Term 4 has started and that means “big school” is on the horizon for many of our littlest readers, with all the anxieties that that prospect brings.  There will be many Ollies among them who will worry that their treasured pets will be lonely and not being toys, they have to be left at home. So this is a timely story for them to reassure them that all will be fine and at least one concern can be alleviated. Perfect for sharing with preschoolers about to take the next big step in their growing-up adventure.

 

 

The Bookworm

The Bookworm

The Bookworm

 

 

 

 

 

 

 

 

The Bookworm

Debi Gliori

Bloomsbury, 2019

32pp., hbk., RRP $A21.99

9781408893036

 

Max really wants a pet.  But all his suggestions are met with objections from his parents, or indeed, Max himself.  Puppies chew things, kittens make awful smells; penguins melt; sharks have too many teeth and dragons don’t exist.  Goldfish are boring; birds too chatty; wasps unfriendly and flies, while friendly, have revolting habits.

But then Max discovers the ideal pet – one even his parent approve of – or is it?

There are lots of stories about children wanting pets and having to search for just the right one, but this one is a little different with an ending that surprised even me (and I’ve read a lot of endings!) Of course a book with this title is always going to appeal to a teacher librarian, but I also love Gliori’s work and knew it would be more than just an intriguing title. I wasn’t disappointed.

Something quirky and just right for our young readers who want to combine both reading and the perfect pet! 

 

The Curse Of The School Rabbit

The Curse Of The School Rabbit

The Curse Of The School Rabbit

 

 

 

 

 

 

 

 

 

The Curse Of The School Rabbit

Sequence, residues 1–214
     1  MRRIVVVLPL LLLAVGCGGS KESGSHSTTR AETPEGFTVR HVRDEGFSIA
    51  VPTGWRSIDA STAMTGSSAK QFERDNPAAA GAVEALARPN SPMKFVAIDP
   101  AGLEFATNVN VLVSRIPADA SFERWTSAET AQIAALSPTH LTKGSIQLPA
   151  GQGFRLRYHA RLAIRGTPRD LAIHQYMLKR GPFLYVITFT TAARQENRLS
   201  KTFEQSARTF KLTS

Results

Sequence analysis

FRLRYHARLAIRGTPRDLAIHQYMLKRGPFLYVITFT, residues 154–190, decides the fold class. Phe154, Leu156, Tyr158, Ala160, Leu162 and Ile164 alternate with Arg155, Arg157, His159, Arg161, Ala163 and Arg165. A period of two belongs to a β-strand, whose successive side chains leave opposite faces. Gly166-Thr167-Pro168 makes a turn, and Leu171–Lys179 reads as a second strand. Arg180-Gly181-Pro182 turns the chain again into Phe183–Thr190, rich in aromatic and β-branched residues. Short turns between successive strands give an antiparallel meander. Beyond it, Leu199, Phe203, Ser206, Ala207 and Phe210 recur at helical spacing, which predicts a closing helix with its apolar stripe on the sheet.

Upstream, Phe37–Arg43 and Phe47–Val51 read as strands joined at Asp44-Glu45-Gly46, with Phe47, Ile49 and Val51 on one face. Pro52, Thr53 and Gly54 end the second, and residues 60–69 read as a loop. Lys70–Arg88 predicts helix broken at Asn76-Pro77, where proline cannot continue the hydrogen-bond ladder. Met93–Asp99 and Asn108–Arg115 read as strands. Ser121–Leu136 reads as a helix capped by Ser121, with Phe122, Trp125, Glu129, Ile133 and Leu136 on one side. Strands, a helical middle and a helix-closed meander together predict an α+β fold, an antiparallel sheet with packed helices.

Judith Kerr

HarperCollins, 2019

80pp., hbk., RRP $A24.99

 9780008351847

Ever since it peed on him in Miss Bennett’s Year 2 class, Tommy has hated Snowflake the school rabbit.  And now it has come to stay because his sister Angie is in Miss Bennett’s class and Snowflake needs a home while Miss Bennett goes to look after her mother.But because Angie is so little, Tommy has the task of looking after Snowflake and while the extra pocket money will be handy because he thinks if he wants a new bike he will have to buy it, this is not a task he is savouring.  And so the trouble starts… dangerous dogs bale him up in the park when he is walking the rabbit; his out-of-work-actor father misses out on a job because Snowflake pees on someone important, Angie gets really sick, Snowflake goes missing… There really is a curse!

Written and illustrated during the final year of her life – Kerr died in May 2019 aged 95 – this is an engaging story for the newly-independent reader from the author of classics such as the Mog the Forgetful Cat series andWhen Hitler Stole Pink Rabbit,  It shows she still had all the imagination and wit that she had when she first wrote The Tiger Who Came to Tea in 1968 and will probably gain her a whole new legion of fans.

You can read more about her work in this obituary